Android, Google’s new mobile software platform based on the Linux kernel, is scheduled to be released in early 2008 under an open-source license. But hope for the new platform is mingled with worries that it won’t be as free and open as the initial publicity surrounding the release strenuously implies.
“I wouldn’t bother with this,” says Bruce Perens, a professional evangelist of open-source software. “It’s so easy to find a project that is 100 percent open source right now to work on, or indeed to create one. That way, I’d be a little more sure that my work wouldn’t be locked up with proprietary stuff forever.”
Android’s release last week was initially greeted as a breath of fresh air by those hoping to inject more freedom into the smartphone industry, which is currently saddled by various restrictions. Lockdowns on hardware functionality, demanded by service providers and enforced by the manufacturers, have resulted in a marketplace filled with crippled devices that are only minimally configurable or expandable.
However, the announcement that Android would be released under a software license which allows for some restrictions to remain in place, albeit in a more limited way, has given many pause.
The Android software platform will be licensed not under the GPL, the license that covers Linux and GNU software, but under the Apache License, which does not include the GPL’s restriction on closed modifications.
According to the Android FAQ page, “The Apache license allows manufacturers and mobile operators to innovate using the platform without the requirement to contribute those innovations back to the open-source community.” The page promises that “industry players can add proprietary functionality to their products based on Android without needing to contribute anything back to the platform,” and, to be sure, “companies can remove functionality if they choose.”
Those restrictions, plus the licensing of the preliminary developer tools, have raised red flags for some potential developers.
“What happened to the whole ‘full stack’ and ‘open-source’ thing,” software developer Robilad asks on his blog, referring to the language used by Google in Android’s announcement. “Let’s just hope Google gets around to releasing the actual Android code under an open-source license before 2017.”
Google’s wording doesn’t give a clear impression about who’s going to reap the benefits of Android. With one hand, Android offers (in a video on the project’s website) “the ability to have your cellphone do whatever the heck you want it to do” while the other hand panders to “industry players” who may want to curtail that user experience.
GPL-licensed code makes no such compromises.
“Anyone is free to use, change or improve our code,” explains Steven Mosher, vice president of marketing for OpenMoko, another Linux-based mobile platform which now finds itself in competition with Android.
“They owe us nothing,” Mosher says of smartphone manufacturers using OpenMoko. “Our only request is this: They owe other people the same rights we gave them. We give you the code for free. If you change it or improve it, you must give your work back to the common good.”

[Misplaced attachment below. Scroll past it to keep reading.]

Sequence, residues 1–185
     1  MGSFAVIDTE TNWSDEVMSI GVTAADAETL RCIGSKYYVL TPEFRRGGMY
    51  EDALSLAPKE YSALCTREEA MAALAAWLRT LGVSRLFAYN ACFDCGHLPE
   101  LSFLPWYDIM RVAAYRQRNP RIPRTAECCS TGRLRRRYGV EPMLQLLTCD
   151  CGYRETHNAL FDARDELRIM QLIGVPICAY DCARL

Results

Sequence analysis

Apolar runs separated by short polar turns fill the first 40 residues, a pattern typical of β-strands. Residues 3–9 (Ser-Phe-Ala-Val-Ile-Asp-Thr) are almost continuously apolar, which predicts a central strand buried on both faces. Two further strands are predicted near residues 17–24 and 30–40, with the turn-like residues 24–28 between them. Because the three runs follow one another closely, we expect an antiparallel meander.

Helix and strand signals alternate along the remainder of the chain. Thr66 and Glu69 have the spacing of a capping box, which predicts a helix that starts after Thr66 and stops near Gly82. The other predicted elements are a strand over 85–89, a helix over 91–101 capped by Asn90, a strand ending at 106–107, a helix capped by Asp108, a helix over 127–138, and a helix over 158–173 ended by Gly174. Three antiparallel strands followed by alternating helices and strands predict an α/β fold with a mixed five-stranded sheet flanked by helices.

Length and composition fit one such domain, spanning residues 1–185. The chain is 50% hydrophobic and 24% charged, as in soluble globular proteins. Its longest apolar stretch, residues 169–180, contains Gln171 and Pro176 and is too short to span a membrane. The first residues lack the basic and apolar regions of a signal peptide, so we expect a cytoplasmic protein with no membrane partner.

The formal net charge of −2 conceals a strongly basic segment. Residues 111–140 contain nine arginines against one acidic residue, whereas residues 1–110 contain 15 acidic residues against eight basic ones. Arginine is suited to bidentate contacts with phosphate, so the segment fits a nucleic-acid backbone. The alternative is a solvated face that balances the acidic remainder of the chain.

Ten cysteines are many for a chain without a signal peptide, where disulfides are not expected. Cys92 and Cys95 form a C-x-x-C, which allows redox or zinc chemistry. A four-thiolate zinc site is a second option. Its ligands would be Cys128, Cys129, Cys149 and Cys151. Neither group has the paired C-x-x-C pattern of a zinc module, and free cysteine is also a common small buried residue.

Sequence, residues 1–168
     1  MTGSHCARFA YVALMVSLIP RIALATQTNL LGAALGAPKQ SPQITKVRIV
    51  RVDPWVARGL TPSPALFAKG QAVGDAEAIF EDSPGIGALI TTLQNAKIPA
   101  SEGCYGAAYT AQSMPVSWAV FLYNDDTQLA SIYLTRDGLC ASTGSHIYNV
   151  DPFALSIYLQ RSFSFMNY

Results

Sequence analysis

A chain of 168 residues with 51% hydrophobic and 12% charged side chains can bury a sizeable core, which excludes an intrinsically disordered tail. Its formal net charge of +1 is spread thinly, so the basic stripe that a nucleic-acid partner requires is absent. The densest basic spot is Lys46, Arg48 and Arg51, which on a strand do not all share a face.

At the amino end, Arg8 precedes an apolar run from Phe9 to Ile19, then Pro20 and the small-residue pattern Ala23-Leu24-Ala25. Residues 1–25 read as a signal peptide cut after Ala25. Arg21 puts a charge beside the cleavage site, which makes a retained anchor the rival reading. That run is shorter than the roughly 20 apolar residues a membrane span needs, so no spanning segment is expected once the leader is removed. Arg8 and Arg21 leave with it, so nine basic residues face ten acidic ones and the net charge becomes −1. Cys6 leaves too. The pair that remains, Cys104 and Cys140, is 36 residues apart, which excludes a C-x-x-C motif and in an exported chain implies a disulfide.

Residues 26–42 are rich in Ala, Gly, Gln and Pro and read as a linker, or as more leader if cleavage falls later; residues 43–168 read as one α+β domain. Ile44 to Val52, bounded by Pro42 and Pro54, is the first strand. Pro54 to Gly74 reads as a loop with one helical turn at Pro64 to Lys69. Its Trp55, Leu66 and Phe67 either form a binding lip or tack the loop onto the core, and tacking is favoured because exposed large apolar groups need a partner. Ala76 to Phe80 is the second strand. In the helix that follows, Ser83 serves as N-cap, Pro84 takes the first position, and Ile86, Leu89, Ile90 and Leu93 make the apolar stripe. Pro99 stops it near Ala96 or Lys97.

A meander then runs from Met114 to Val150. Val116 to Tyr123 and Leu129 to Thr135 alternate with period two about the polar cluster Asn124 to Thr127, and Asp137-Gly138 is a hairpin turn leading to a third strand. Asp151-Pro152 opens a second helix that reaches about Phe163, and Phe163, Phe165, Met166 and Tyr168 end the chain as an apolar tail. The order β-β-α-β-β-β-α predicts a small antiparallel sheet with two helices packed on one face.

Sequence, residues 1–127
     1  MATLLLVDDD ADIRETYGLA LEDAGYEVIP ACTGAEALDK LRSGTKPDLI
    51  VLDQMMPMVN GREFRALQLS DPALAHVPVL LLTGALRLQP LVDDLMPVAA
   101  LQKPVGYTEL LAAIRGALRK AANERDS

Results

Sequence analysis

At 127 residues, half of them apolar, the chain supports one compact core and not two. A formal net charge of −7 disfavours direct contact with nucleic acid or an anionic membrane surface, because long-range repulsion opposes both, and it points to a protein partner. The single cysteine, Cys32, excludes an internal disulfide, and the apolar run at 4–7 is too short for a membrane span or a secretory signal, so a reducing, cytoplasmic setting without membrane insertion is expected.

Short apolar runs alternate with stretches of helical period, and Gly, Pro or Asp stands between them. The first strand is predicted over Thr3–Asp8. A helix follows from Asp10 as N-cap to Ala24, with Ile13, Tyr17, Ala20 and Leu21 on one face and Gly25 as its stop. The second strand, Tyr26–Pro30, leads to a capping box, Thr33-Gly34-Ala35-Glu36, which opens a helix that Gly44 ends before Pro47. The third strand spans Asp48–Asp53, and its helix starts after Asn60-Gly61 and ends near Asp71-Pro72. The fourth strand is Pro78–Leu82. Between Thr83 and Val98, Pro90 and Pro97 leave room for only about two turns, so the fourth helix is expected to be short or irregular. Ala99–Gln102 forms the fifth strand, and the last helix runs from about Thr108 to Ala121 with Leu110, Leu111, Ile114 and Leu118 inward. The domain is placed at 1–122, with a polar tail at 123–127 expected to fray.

According to Mosher, members of the open-source community are concerned that, by choosing the Apache License, Android is “using ‘open source’, but cynically neglecting its principles.”
Google isn’t terribly worried about the licensing controversy. “We’ve already seen tremendous developer interest in the Android SDK, with downloads surpassing all others on code.google.com,” says a spokesperson.
Hal Steger, vice president of marketing for Funambol, an open-source messaging software project, accordingly warns that “Google’s choice to go with the Apache License will likely result in some developers sticking with the OpenMoko-type approach.”
Clearly, in order to launch a successful mobile platform, it’s necessary to woo the powers that be. Even the combined might of Google and the open-source community won’t soon overthrow the iron whim of the cellular carriers. Some open-source advocates, though, do see potential in Google’s power to broaden the market.
Linux Foundation executive director Jim Zemlin finds one thing especially promising: the challenge Google has brought against the status quo, closed-source software model for handhelds currently dominated by Microsoft’s Windows Mobile and Symbian (the software platform jointly owned by Nokia, Sony Ericsson, Siemens and other handset makers).
“Google is proliferating the use of the Linux kernel as the standard for mobile devices,” says Zemlin. “Similar to the server operating environment, the world will likely end up with two camps: Linux-based phones on one side with Microsoft and Symbian on the other. My guess is Microsoft and Symbian will continue to lag due to the lack of agility from their proprietary development models. It’s difficult for them to compete with open-source licenses, no matter which specific one.”
by Paul Adams on Wired.com